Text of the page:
Four American Women
Great Barrington Public Theater at Broadway on Demand
Great Barrington Public Theater
The world première of this play written specifically for video is a great coup for Great Barrington Public Theater in Massachusetts and its Artistic Director Jim Frangione. Persuading one of America’s leading playwrights to create a new work for a regional theatre cannot have been easy but has certainly proved worthwhile.
Ironically, given that Mamet is renowned as a man who specialises in creating great roles for men, this time around he brings a quartet of convincing women to the stage (or screen).
As it happens, although she is all-woman, the long opening piece showcases the ultimate tomboy. Indeed, the story of this daredevil flying ace could easily have been drawn directly from the Boy’s Own Paper or the American equivalent.
The character confidently played by Heidi Sulzman might have been born into wealth in Pasadena, but the unnamed lady escaped at the earliest opportunity to a life that contains enough thrills and spills for a squadron.
In addition to becoming a star pilot in the early days of aviation, she got mixed up in the movies, had numerous lovers and husbands, jumped out of planes, was an expert horsewoman, ran a cathouse and imitated an ostrich. She was also on close and often intimate terms with anyone and everyone from John Wayne to Charles Lindbergh, Amelia Earhart to Valentino.
Taking up not far short of half of the total running time, The Aviator is not only highly entertaining but also informative and, despite some of the comic book exaggeration, a fine characterisation of an unlikely heroine.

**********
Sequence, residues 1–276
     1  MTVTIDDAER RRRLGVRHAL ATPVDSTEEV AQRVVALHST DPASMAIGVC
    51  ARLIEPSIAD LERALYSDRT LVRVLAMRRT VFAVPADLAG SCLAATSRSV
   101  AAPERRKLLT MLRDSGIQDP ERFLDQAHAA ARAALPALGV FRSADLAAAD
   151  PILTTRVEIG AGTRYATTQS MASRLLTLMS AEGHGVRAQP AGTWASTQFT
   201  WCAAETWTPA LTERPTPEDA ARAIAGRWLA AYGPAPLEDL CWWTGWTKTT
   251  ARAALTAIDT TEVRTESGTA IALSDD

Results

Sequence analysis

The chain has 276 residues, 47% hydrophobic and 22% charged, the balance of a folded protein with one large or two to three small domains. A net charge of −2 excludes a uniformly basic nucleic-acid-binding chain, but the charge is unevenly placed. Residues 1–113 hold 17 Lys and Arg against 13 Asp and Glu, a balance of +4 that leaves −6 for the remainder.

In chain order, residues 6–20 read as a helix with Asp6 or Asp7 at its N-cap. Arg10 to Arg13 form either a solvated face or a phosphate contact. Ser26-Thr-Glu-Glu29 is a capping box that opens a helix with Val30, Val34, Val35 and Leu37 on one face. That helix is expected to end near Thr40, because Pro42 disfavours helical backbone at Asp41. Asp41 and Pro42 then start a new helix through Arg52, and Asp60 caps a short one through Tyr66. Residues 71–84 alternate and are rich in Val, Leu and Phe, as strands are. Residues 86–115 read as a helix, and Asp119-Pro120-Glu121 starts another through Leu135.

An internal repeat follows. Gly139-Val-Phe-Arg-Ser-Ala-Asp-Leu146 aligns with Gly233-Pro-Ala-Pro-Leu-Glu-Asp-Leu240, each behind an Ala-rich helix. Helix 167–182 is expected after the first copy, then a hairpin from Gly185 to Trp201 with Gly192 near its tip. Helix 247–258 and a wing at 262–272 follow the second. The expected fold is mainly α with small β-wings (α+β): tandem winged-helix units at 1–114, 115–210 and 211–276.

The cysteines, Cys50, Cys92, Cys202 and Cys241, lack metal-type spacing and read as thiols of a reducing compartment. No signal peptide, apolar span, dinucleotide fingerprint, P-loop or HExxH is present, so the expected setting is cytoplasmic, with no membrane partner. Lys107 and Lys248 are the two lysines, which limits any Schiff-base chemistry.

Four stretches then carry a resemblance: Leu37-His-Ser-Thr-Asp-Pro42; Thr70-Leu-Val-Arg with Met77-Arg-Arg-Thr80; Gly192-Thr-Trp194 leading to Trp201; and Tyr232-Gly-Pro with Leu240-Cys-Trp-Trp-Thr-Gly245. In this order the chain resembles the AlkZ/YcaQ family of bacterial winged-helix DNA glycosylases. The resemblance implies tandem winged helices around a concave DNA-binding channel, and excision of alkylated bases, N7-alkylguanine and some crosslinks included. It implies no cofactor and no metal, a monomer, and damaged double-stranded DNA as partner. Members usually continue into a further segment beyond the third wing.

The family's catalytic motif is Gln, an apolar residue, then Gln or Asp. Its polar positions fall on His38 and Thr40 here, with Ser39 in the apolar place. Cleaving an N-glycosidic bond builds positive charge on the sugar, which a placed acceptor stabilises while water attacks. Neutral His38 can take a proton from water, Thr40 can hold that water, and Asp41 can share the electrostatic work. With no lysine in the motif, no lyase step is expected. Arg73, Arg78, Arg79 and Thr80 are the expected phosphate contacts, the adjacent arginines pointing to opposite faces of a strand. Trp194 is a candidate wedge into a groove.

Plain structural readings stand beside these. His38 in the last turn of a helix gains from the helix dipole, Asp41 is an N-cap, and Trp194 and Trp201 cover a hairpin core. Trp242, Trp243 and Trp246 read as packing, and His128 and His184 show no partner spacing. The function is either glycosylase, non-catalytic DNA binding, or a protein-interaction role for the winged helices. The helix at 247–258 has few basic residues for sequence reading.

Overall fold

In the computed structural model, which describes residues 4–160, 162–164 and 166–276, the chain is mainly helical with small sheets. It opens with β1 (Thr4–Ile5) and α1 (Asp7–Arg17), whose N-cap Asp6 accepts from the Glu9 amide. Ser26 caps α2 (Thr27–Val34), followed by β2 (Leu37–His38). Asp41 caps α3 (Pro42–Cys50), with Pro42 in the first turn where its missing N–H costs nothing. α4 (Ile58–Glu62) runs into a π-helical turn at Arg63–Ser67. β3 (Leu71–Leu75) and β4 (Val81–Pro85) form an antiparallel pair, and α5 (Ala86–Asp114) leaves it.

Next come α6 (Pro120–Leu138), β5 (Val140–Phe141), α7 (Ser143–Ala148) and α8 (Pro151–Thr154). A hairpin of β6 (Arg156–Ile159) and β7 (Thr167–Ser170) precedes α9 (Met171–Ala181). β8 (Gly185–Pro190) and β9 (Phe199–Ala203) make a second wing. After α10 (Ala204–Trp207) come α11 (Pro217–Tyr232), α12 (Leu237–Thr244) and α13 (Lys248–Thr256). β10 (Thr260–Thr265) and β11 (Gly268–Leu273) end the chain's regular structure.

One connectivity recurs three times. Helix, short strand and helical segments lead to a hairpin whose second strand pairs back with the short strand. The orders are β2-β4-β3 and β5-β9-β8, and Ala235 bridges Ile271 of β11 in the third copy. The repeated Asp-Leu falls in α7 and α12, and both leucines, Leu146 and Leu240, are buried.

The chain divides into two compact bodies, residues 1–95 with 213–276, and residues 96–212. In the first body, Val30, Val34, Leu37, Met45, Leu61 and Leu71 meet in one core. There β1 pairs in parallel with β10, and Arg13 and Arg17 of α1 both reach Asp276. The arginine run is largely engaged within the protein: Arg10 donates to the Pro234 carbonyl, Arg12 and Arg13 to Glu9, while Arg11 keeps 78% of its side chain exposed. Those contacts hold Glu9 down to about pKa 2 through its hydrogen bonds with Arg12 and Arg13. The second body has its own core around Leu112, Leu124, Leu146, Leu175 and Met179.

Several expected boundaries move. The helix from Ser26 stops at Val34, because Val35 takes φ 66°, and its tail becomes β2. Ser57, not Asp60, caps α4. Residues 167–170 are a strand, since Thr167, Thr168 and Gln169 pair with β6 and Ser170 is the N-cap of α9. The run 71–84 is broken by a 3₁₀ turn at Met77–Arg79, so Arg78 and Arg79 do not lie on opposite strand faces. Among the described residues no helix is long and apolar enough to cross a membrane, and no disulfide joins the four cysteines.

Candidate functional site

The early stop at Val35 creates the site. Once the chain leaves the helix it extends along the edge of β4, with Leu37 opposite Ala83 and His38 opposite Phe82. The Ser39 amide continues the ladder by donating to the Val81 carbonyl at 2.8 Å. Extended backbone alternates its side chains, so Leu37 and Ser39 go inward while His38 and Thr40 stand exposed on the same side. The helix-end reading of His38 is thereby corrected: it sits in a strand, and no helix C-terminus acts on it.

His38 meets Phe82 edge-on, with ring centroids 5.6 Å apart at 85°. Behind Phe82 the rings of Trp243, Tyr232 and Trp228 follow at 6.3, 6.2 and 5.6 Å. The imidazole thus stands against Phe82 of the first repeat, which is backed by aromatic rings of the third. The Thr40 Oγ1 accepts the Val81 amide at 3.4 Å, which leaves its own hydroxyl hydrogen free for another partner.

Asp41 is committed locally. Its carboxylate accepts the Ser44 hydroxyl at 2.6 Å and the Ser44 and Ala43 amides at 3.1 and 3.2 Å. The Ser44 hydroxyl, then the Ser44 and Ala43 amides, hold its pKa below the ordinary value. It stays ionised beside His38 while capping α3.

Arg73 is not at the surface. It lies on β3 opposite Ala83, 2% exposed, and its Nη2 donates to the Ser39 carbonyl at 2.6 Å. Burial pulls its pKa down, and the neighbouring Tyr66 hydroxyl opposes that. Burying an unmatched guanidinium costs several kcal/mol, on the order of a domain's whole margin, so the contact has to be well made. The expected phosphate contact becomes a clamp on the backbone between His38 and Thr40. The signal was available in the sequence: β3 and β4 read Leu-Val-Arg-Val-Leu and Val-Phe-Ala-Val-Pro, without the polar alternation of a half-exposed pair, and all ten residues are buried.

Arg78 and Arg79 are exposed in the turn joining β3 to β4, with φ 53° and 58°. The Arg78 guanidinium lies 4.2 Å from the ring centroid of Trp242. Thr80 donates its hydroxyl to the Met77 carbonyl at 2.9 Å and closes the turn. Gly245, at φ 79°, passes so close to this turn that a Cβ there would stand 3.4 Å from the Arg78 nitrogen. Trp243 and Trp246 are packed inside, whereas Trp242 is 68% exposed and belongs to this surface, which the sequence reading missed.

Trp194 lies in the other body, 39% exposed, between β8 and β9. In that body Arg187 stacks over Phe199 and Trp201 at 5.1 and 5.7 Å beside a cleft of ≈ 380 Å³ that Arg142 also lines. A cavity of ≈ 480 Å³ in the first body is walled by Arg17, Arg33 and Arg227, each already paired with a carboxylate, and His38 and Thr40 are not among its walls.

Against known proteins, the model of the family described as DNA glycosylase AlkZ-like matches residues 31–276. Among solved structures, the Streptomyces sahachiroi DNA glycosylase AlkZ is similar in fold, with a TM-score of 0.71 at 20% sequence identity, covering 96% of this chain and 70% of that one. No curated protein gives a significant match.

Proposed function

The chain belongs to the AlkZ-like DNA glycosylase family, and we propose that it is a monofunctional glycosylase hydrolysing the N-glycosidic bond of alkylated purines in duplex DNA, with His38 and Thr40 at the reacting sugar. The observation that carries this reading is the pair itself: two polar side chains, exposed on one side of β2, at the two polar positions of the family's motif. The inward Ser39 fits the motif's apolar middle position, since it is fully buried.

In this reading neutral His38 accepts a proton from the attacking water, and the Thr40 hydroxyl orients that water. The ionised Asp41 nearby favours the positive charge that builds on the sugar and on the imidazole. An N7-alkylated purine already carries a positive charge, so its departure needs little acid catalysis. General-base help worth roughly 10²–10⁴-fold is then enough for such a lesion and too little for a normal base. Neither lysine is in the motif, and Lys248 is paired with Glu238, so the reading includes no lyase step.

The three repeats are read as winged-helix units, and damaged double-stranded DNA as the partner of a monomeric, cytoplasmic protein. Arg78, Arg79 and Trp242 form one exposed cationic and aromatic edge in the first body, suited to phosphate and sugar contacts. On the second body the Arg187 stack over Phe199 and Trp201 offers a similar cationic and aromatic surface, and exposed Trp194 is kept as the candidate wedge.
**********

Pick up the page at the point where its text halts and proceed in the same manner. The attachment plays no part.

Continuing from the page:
Charles Lindbergh moves centre-stage for the second monologue, related by Mamet’s wife Rebecca Pidgeon in the guise of journalist lush Dorothy Kilgallen, a crime reporter turned theatre critic.
With all of the acidic aplomb of her namesake, Dorothy Parker, swilling rye with a twinkling eye, she offers a new take on the trial of The Crime of the Century: the kidnapping and murder of the Lindbergh baby.
Having heard her plausible theory, one must wonder how any jury could conceivably have condemned an “innocent” man to death, when the perpetrator was actually the great American hero.
The third monologue consists of a deeply philosophical address, explaining the loss that a woman suffers if she is “jilted” by a man, having given him the best years of her life, i.e. those when she was most attractive and able to bear children.
As one might expect from An Attorney, the character played by Yolonda Ross is calm, reasoned, but makes her case forcefully.
Rebecca Pidgeon returns for the final 15 minutes to take on the role of A Doctor, in fact a psychiatrist.
Viewers are required to eavesdrop as she dictates a note to a colleague regarding an ex-airman who, reading between many lines, may have been responsible for an atrocity and is still attempting to re-adjust to changed circumstances.
While the first two monologues are considerably stronger than those that follow, Four American Women represents characteristic Mamet with a feminist twist and is a welcome addition to the online theatre offerings that are one of the more beneficial consequences of constrained pandemic life.
As ever, viewers are asked to make donations to Great Barrington Public Theater, both to recognise the company’s endeavours in commissioning this production and also the need to support their future efforts, which start with a programme of three plays this summer including the first East Coast production of David Mamet’s latest stage play, The Christopher Boy’s Communion.
Reviewer: Philip Fisher